The showrunner of Breaking Bad, Vince Gilligan spills more about the show’s mid-season finale last Sunday. After answering the set of burning questions related on the season 5 episode 8 “Gliding Over All“, reporters did not miss to ask about the show’s future that should wrap up the final eight episodes of the AMC series.
Warning: If you can’t wait until next summer, this spoiler is definitely for you however, read at your own risk if you still wish to be surprised the Breaking Bad way when the series continues in June.
Let’s get to it, shall we? Here’s a follow-up from EW on their interview with Vince Gilligan.
What can you tell us about that scene at the beginning of season 5 with Walt in a Denny’s?
Gilligan: It’s a future that is about a year ahead, 10-to-12 months ahead from the time of the first eight episodes. Is it a glimpse to the end of it all? Perhaps. You’d be surprise how little we have [written of the final eight episodes]. We have the broad strokes for the final eight.
Does that mean we can expect a time jump at some point?
Gilligan: That’s a good bet. The story up until now has taken about 14, 15 months from the pilot episode. Things will probably will jump ahead a bit at some point.
How could cautious Mike let Walt get the jump on him?
Gilligan: We all have our moments we wish we could take back. [Mike] was physically dominant over Walt at every turn …. We saw Mike not have much trouble handcuffing Walt to the radiator … Turning his back on Walt was a bad idea, but it was born of Mike having a lot on his mind … it was a tactical error … I guess the lesson is: Never turn your back on Walter White.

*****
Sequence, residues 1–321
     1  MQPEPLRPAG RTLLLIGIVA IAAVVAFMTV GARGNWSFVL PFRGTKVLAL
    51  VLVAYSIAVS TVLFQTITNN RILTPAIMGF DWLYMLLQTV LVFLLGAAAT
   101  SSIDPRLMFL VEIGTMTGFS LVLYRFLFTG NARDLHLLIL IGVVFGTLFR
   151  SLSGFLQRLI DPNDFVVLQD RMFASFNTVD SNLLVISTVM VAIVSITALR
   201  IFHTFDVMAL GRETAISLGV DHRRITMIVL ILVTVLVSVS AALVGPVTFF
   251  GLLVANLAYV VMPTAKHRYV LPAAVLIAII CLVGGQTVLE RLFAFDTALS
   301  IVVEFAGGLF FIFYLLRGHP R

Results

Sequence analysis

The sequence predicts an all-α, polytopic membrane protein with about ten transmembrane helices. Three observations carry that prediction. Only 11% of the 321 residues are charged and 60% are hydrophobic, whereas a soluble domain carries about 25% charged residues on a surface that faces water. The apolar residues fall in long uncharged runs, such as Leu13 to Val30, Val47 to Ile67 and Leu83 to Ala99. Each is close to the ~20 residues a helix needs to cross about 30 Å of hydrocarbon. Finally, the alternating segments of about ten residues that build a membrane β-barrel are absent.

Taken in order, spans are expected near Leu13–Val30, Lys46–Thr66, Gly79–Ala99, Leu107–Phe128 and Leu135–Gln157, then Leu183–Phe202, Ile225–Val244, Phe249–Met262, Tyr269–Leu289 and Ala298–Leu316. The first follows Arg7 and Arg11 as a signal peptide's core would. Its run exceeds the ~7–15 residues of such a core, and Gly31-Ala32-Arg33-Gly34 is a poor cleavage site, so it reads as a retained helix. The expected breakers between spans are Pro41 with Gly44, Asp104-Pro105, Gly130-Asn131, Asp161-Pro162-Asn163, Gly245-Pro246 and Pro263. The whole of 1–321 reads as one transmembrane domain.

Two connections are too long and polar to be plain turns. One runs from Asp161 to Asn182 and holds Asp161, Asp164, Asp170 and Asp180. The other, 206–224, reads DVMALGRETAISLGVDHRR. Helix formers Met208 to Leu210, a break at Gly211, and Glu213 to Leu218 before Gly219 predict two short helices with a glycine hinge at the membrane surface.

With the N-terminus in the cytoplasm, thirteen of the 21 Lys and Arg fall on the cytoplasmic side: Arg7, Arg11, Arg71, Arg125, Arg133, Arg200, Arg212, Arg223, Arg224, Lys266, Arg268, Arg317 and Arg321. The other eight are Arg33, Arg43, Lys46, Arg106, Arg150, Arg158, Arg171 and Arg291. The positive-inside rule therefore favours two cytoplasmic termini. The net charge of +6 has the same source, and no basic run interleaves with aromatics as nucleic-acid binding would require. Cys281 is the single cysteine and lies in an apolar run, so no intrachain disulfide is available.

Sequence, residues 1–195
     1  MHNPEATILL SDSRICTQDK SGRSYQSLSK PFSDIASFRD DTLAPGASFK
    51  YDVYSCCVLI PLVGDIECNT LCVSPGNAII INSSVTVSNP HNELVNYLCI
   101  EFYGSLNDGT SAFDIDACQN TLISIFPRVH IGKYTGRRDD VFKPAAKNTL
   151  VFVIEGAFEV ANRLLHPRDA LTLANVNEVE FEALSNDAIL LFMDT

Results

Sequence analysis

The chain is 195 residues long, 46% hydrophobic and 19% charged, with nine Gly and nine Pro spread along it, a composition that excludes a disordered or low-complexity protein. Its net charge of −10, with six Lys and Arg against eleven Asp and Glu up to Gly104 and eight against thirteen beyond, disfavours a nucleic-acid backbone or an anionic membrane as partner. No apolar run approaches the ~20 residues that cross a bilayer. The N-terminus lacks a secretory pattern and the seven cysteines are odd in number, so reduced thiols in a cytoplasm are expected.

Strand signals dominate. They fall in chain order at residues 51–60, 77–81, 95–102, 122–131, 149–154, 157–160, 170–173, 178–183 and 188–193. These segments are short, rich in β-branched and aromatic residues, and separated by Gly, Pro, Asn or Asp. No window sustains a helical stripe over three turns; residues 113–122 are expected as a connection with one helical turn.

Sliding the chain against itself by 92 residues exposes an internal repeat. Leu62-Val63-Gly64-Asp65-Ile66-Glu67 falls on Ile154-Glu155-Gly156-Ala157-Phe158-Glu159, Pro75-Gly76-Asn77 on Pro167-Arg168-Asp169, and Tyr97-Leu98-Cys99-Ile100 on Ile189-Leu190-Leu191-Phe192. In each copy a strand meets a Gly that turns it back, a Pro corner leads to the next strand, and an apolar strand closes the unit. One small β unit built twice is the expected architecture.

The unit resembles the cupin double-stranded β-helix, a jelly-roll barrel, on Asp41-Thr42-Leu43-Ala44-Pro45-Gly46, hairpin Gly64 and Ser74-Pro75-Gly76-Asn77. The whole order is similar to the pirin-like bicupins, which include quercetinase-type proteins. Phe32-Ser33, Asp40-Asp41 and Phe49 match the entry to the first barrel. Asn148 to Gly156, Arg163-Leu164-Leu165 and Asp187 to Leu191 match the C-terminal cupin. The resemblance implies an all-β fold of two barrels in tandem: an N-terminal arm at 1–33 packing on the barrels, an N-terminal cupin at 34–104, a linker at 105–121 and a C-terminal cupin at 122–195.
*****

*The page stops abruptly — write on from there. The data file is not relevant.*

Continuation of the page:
What else can you tell us about the final eight?
Gilligan: This is where it all comes to the end. There will be resolution. We’ll know where everybody stands… [The writers] are going to swing for the fences. It’s terrifying and it’s liberating to know these are the final eight hours. There’s talk of a movie — none of that is remotely on our radar. As far as I’m concerned, the end of this story is contained within these final eight episodes … We now have freedom to dispense with the timid storytelling we’ve been doing so far.
Is there pressure to stick the landing in the final episode?
Gilligan: You know in your heart that you should tune [the fan expectations] out … You also say to yourself that you got a lot of fans watching this show, but they’re all unique … So you know going into it there’s no way to please everybody. The most dangerous thing is to come up with an ending that [you think] pleases the widest swath of people … It makes you think about the old baseball joke that the last batter to strike out is to blame for the team’s entire loss … The ending will be judged with more scrutiny than any of the previous 61 episodes that came before. It’s healthiest and wisest to try and tune out [as if] the pressure isn’t there.
Doesn’t Walt have to be punished by the end of the series?
Gilligan: He doesn’t have to…. Someone in real life is getting away with murder as we speak… He could get away with the whole thing. Having said that, how satisfying would that be? … It’s a strange show. I’m very proud of it, but you find yourself very often rooting for a person that you should cross the street to avoid… He’s a bad guy. But because he’s smart and has worked hard and feels the things he feels so deeply, we grudgingly respect him … Some days I’m rooting for him, some days I want to see him hit by a car. Having said that, is the “satisfying” way the right way [to end the show]?
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